answer: In 12-tone Equal Temperament (which is what a fretted-guitar uses), only the octave and unison intervals are truly perfect. Trying to tune using any other interval would not likely be a good idea. If the intonation set-up of the guitar is good (it can never be perfect, partly due to 12-TET https://en.wikipedia.org/wiki/Equal_temperament), using one string's pitch as reference, tune each of the other strings, by fretting appropriately to produce a unison or octave interval to that reference string's pitch (octave harmonics may be used).

What I've done, for standard tuning, is use an A tuning fork to tune the A (5th) string (the fork I have is an octave higher A at 220hz). I tune the other strings relative to that open A string, variously fretting those strings to produce an A note.

"Sometimes I outright use a tuner with the gauge, but as much as the device reads correctly, I swear sometimes they just don't feel precise."

That statement is unclear (what is not 'feeling precise', the tuner or the resultant tuning of the guitar using the tuner?).

I'm wondering if what you are sensing (hearing) is the imperfection of some intervals due to 12-TET ? Because you mention viola (which is fretless, and can be played in Just Intonation) and state: "...but was just fine tuning using 5ths, i.e. playing two strings and listening for them to match against each other...", it seems that you might have been tuning the adjacent pairs of strings in sequence, and not relative to a single reference.

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Your first step in tuning a string to a reference by ear is to determine where the strings are in relation to each other. Do you need to tune it up or down?

You have to train your ear to recognize which tone is higher and which is lower. That's fairly easy - it might take you a few weeks or months if you practice a few hours a day. Just remember that you aren't a prisoner to the tuning keys. Try bending the reference string up and seeing if the resulting interval sounds more "in tune". Or try playing the reference string a fret (or two) below or above and seeing if that sounds more "in tune". If you play the E string on the 7th fret and it sounds perfectly in tune with your A string, then your A string is (possibly... but possibly not) tuned a whole note too high.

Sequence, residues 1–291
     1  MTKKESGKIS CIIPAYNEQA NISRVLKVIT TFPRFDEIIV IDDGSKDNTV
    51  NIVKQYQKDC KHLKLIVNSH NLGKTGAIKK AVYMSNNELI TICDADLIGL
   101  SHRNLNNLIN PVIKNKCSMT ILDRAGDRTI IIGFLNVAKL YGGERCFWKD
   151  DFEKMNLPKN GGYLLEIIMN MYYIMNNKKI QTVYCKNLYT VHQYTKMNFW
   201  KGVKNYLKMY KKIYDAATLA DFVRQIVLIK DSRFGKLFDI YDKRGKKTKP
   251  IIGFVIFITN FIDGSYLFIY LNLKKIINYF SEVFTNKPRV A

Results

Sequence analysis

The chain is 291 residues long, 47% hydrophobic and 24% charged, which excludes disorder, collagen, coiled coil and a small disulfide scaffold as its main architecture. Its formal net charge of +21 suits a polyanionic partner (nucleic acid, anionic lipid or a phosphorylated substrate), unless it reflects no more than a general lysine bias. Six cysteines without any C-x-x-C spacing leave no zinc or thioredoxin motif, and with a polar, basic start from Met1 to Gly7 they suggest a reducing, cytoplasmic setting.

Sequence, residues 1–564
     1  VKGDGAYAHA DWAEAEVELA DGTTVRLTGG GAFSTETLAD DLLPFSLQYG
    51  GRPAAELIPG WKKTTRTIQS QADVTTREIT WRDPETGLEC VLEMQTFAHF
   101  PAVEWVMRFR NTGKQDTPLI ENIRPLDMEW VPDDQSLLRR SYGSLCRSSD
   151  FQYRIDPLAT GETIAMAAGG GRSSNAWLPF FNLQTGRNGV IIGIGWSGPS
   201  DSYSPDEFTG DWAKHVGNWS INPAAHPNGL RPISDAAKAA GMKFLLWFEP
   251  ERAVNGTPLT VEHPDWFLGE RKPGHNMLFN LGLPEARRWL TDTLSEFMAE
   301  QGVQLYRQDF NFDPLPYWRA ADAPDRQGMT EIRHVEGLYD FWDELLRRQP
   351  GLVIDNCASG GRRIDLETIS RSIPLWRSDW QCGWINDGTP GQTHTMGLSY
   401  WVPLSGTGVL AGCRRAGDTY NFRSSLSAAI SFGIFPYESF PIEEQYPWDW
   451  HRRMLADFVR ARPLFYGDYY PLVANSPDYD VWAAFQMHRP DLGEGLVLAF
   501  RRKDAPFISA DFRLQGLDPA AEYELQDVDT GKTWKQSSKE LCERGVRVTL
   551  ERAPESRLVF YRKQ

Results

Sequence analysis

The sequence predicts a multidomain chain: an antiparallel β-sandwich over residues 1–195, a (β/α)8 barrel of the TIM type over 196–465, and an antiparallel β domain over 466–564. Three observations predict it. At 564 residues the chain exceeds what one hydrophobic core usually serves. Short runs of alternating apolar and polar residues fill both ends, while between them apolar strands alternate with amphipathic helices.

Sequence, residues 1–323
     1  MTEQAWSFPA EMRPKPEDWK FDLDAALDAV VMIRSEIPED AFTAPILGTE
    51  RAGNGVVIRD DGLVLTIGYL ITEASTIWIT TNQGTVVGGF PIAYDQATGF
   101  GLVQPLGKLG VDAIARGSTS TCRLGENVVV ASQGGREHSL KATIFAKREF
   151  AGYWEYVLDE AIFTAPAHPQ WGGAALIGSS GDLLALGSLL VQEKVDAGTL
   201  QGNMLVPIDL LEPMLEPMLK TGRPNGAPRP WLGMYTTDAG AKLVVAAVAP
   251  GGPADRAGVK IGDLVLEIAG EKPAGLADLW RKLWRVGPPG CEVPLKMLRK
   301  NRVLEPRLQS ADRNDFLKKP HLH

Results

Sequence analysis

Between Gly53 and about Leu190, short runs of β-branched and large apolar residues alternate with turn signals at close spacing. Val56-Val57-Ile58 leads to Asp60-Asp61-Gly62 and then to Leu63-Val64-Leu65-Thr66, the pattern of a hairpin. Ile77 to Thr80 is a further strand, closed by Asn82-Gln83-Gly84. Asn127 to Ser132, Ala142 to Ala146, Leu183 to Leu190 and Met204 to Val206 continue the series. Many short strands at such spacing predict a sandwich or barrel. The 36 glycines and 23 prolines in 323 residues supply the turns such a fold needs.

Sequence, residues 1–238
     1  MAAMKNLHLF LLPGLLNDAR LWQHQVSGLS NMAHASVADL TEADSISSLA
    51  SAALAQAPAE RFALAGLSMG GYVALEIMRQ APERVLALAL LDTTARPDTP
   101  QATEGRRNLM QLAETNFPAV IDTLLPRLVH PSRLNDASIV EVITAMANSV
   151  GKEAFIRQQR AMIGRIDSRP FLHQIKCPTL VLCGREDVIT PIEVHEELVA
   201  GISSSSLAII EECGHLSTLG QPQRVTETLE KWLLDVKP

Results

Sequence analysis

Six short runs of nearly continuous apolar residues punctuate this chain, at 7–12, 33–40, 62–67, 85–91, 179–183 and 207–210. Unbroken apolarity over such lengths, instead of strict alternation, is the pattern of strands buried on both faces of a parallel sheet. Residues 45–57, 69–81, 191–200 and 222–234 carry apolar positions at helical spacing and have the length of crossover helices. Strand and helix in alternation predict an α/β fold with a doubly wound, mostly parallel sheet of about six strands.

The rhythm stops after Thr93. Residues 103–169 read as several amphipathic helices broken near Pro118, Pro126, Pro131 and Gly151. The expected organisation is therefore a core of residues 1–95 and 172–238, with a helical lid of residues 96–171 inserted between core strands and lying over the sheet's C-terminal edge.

One issue is that sounding "in tune" doesn't necessarily mean "same note." An octave will sound very good. So will a 5th and a 4th. Even a 3rd might fool you. But unison will sound best. And if you mistakenly tune your 5th string to something other than an A (a C or an F, for example), then you'll know when you try to play a 5th between them. Play the open E string and B on the 5th string (2nd fret) and you should have a perfect 5th, which should sound very consonant ("in tune"). But if you tuned the A string to a C you'll have E-D (minor 7th), which is dissonant and "bluesy." It also would match the 4th string exactly, if that string was still tuned correctly.

Once you finally get the two notes close, then you have to break out your auditory microscope. Eventually, you might be able to hear the difference between two very close notes. But first, you'll probably just hear the "wobbliness" between them. When two notes are exactly the same, they sound like a single string when you play them together. If they're slightly off, you'll here an overtone (actually an interference pattern between the two notes) that sounds like a wavering note, rising and falling gradually or quickly. At this point, you make very slight adjustments to the tuning key. You might even just grip it, without even noticeably moving it, and cause a change in that interference pattern. You tweak it until the interference pattern disappears, or until you decide you've had enough and this is close enough.

Again, here you can definitely try a slight bend on the reference string to see how that affects the interference pattern.

Continue the process for all strings.

To hear the interference pattern more clearly, you can try harmonics. I'm sure there are youtube videos on how to get them out of your guitar. You play them right over the frets, not between frets, by lightly touching the string, not pressing down, when you pluck it. The 12th fret is easiest to get a harmonic out of. 7th isn't too hard either. 5th is a bit harder. You can compare most strings using 5th fret harmonic on the lower string, 7th on the higher.

Finally, try comparing you low E's 12th fret harmonic with your high E, to close the loop.